This time, LIV had a wider selection of Tour pros to choose from. In the months since the Tour and the Saudi PIF announced plans to merge, a number of angry Tour players had reached out to LIV, many openly upset over being blindsided by the planned tie-up. Some of them were known to have previously turned down life-changing offers from the Saudis. Now so many of them were prepared to entertain offers from LIV that, according to one person familiar with LIV’s thinking, it far exceeded the number the 48-man circuit could possibly take on.

Rahm—a fan-favorite from Spain who was undeniably one of the best golfers on the planet—emerged as an easy choice.

The PGA Tour heard the Saudi message as it was intended—even if some people in that camp also saw it as a bluff. They were privately dismissive of the idea that Rahm could prop up LIV if the two sides failed to finalize their agreement. One more star player, they reasoned, wouldn’t change the fact that LIV was still broadcasting to small audiences on the CW Network.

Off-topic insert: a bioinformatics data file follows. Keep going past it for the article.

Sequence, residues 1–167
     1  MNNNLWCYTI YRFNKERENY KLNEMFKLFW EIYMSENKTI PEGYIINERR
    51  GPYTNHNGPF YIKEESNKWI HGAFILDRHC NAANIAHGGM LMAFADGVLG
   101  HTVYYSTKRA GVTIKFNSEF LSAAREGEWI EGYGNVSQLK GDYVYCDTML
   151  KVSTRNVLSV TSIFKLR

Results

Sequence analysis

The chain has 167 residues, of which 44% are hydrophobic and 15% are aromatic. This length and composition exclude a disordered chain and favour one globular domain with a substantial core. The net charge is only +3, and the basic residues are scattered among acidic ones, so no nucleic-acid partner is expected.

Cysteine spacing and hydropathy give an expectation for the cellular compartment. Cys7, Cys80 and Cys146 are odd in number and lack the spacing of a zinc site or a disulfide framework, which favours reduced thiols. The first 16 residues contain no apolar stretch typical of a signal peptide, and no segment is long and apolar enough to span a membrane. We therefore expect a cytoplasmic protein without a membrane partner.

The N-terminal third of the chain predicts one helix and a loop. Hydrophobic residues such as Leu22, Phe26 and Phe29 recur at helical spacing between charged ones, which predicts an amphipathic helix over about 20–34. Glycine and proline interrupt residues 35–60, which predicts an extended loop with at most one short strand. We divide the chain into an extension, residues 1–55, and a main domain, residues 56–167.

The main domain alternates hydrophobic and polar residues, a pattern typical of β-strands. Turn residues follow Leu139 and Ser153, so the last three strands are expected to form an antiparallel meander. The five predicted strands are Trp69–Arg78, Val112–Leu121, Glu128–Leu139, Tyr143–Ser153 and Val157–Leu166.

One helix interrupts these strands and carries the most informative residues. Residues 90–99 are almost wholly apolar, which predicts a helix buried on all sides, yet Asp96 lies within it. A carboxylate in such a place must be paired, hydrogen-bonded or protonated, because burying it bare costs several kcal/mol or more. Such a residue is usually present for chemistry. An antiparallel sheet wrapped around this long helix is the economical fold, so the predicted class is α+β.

The Tour also believed it didn’t need the Saudis and or to succumb to any pressure. The bid from the consortium called Strategic Sports Group, which also includes billionaire hedge-fund manager Marc Lasry, was all the proof they needed. In some ways, those U.S. investors represent the Tour’s own insurance policy.

Early this week Monahan and Al-Rumayyan are expected to talk with each other about a deal structure, the role of third-party capital, the amount PIF is putting in, and how governance will work—all while the Tour moves ahead in its negotiations with the U.S. investors.